UNCOMMON HORSE, UNCOMMON PROBLEM
Brandon Beers’ Head Horse of the Year, Jewel, misses a year of action due to an ovarian tumor.
In 2013, PRCA/AQHA Head Horse of the Year, Brandon Beers’ Jewel, made history as the frstever mare to win the distinction.
She won the award largely based on her incredible abilities to score, run, rate and face. Just a few months into 2013, she proved her worth when, at the Wildfre Open to the World, Beers and Cesar de la Cruz came back on their last steer as high team with a 9.5 second lead on the feld.
“We were running through some steers and making runs—but it was extreme,” Beers said.
So extreme, in fact, that when their last steer stepped toward, and then away from Beers, he jerked the steer down.
“I’d have been better off getting on somebody else’s horse and just go catching,” Beers realizes now. Yet, the mare showcased her unbelievable potential as a 9-year-old—and only got better as the year went on.
“She got easier to rope on through the year,” he said. At the Bob Feist Invitational, she was named top head horse. “By the time we got to Ellensburg (Wash.), she was outstanding.”
At Cheyenne, she carried Brandon to a tie in the second go-round with Riley Minor—who was also riding Jewel. By the time the regular season ended, the rest of the top ropers recognized her abilities and despite being new to the scene, selected her as the top horse in their game.
“When she’s good, it makes it feel too easy,” Beers said. “It spoils it. If you’re at the BFI or the Spicer Gripp, you can miss the barrier by a foot and it’s no big deal. Whatever everybody else is seeing, I’ll just see a little extra. It takes all the pressure of scoring off. I won frst and third on her at Scott Repp’s [WestStar Open in Ellensburg, Wash.]. You had to see the steer’s tail to the pin and I was seeing them tail a foot past the gate. I ran 10 steers and that was as much fun as I’ve had at any jackpot ever. It’s a big roping, all the same teams that are at the BFI are there, and I ran 10 within four hours, seeing every one of them a foot past the gate and the slowest I was was 7.7.”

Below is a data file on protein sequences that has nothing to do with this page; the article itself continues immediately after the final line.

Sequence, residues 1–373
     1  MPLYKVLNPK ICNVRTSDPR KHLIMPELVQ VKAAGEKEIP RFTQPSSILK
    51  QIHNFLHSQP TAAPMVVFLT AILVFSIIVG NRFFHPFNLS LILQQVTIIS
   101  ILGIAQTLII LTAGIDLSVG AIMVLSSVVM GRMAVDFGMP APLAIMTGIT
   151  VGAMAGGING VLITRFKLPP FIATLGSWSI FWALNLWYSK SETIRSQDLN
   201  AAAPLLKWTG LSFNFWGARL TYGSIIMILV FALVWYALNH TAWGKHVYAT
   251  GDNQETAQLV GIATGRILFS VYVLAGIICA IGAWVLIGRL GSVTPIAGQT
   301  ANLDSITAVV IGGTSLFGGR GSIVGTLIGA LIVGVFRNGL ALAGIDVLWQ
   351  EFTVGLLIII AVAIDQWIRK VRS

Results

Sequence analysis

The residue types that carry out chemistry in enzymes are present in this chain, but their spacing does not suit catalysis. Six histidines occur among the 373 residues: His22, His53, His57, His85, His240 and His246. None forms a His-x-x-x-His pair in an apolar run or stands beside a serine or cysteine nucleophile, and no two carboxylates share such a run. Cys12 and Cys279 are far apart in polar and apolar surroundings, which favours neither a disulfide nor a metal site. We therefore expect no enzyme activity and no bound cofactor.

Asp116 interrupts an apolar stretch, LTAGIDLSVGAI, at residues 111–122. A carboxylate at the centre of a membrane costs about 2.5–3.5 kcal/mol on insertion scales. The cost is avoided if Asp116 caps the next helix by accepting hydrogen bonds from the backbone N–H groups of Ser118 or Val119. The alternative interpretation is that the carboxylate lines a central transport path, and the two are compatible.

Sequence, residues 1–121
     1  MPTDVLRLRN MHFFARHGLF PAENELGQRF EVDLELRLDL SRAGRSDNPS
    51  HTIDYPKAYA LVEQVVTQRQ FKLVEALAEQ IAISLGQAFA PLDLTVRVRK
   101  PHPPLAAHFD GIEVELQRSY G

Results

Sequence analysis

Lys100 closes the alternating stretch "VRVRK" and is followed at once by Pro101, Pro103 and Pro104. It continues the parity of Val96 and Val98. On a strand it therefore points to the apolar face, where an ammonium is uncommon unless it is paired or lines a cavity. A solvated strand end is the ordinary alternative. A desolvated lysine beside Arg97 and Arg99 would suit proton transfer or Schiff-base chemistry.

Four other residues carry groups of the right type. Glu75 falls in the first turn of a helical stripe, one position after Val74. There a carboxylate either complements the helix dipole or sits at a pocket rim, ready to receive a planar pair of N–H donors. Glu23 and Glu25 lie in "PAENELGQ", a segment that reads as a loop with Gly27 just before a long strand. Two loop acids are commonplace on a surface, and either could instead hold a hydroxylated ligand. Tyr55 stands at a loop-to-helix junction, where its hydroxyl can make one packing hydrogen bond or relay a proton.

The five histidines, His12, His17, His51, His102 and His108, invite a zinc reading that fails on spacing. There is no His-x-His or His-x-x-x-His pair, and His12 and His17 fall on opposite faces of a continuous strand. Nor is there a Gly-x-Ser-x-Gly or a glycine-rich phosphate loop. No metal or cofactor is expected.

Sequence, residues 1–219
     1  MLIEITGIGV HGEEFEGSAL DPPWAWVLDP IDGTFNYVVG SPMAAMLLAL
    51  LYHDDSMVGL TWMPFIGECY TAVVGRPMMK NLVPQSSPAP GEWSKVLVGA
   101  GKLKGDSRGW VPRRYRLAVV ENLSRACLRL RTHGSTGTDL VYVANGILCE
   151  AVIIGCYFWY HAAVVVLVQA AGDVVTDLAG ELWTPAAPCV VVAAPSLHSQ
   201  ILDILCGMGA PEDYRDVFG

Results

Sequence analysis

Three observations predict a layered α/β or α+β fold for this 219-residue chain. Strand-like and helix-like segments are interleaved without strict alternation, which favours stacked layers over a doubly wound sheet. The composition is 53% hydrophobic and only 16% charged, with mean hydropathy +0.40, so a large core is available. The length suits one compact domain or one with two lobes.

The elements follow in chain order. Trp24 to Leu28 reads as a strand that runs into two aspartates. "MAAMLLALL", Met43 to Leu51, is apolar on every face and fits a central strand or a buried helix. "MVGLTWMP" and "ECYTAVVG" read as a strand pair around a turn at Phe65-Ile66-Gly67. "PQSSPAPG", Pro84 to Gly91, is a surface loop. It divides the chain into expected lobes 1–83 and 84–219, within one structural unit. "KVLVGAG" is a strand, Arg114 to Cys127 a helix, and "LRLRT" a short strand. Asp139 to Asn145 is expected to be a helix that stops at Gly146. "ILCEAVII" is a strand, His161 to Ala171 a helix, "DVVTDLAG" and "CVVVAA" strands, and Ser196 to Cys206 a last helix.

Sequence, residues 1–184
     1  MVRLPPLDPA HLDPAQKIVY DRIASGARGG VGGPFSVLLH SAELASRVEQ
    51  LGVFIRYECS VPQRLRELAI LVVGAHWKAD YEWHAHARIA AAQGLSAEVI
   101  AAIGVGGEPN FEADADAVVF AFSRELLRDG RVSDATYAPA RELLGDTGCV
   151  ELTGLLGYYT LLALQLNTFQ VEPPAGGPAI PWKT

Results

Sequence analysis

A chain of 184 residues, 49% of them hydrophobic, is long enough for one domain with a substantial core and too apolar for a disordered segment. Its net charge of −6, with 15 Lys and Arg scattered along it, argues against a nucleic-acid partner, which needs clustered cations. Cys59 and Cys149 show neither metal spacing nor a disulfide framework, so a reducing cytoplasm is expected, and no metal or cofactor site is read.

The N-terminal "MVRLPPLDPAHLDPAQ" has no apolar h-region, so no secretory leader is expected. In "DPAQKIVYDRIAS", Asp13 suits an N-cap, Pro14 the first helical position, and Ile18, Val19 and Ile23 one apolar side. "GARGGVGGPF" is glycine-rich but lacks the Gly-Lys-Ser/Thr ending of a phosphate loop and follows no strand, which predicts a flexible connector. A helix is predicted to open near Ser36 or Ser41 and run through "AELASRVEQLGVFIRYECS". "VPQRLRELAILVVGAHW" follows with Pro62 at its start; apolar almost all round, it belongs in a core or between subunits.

Within a few months, though, Jewel was beginning to act out of character. While she was always a bit tough to handle on the ground—not letting people doctor her and being very intimidating to anyone around her back legs—she always worked in the arena and Beers was always able to work around her quirks.
She began to refuse to back into the box. Typically, she would hit the back of the box and be ready to go, but slowly her routine changed.
“I knew something was wrong,” Beers said. “I messed with her and tried some gimmicks and stuff I’ve tried in the past, but you couldn’t get her in the corner if you had fve guys. If she wasn’t amped up, she was OK. If you were practicing, you could probably run one or two steers and she’d feel like the head horse that I’ve always had. If you ran three or four, it would get ugly.”
Beers took her to several vets and couldn’t get a diagnosis that made sense. Once, while in Arizona, a vet detected she was in heat, so Beers took her to be around the studs at Sherry Cervi’s. Normally, a mare in es-